All great athletes are guidance and inspiration. However, it takes motivation from within to be disciplined and do what it takes. Iconic sporting heroes display that it can be done and at the end of the day, it's you who does the hard work. There are no shortcuts or quick fixes. It's an entire package of disciplined workouts, controlled and balanced nutrition, adequate rest, and an occasional cheat/indulge day.
My professional life requires that I deal with consultants, contractors, architects, and real estate owners. The entire "chain" associated with acquiring and maintaining new business requires patience and discipline. My ethos helped me maintain a healthy work life balance, and manage stress and deadlines as the CEO of my company.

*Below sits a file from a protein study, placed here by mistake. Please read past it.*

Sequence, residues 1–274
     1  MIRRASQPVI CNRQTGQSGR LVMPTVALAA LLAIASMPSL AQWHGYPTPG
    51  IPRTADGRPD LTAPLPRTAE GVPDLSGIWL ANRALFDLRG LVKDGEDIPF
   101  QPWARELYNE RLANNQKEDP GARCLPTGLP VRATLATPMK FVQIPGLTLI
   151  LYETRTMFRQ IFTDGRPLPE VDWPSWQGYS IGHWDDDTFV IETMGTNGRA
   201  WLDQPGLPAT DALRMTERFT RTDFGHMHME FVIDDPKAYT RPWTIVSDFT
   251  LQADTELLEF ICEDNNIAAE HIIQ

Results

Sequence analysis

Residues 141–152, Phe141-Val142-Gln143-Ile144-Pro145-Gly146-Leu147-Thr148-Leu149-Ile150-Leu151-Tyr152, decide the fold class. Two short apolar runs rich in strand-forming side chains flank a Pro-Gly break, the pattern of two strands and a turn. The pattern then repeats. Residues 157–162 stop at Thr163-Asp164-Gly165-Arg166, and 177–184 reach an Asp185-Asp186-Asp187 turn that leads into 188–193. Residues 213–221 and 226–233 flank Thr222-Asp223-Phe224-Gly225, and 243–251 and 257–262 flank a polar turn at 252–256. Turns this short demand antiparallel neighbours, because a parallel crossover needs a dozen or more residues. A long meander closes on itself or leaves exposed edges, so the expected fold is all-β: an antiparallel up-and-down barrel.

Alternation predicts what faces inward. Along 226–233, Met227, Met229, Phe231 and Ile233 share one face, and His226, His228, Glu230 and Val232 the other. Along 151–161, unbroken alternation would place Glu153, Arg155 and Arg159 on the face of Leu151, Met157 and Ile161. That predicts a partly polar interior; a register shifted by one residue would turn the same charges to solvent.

If you have a like-minded gym buddy, 50 percent of your fitness goals are achieved. It helps to know you have someone to watch your back as you push heavier weight. If not for this partner, you will not push that extra bit of weight as you may be overcome by fear of injury and not tap into your full potential.
You need to initially identify what you want to achieve and for what application or purpose you want as an outcome. Depending on your body shape and lifestyle, your routine will be a delicate balance between really painful and traumatic or too easy. No one but you can ultimately determine the ideal routine. The information and knowledge you gather will simply show you the way.
Arnold Schwarzenegger! From the first day I ever noticed "a muscle" on anything or anyone, it was Arnold. His life and attitude sent him to the top of my list. As many others will agree, his achievements are epic and he is a true icon of the industry.